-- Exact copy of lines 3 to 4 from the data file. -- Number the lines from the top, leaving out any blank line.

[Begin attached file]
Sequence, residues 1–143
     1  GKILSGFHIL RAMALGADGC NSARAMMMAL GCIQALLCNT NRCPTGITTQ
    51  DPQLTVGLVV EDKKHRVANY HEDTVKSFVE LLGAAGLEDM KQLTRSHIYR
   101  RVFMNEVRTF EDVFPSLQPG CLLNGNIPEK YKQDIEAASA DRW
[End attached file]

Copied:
    51  DPQLTVGLVV EDKKHRVANY HEDTVKSFVE LLGAAGLEDM KQLTRSHIYR
   101  RVFMNEVRTF EDVFPSLQPG CLLNGNIPEK YKQDIEAASA DRW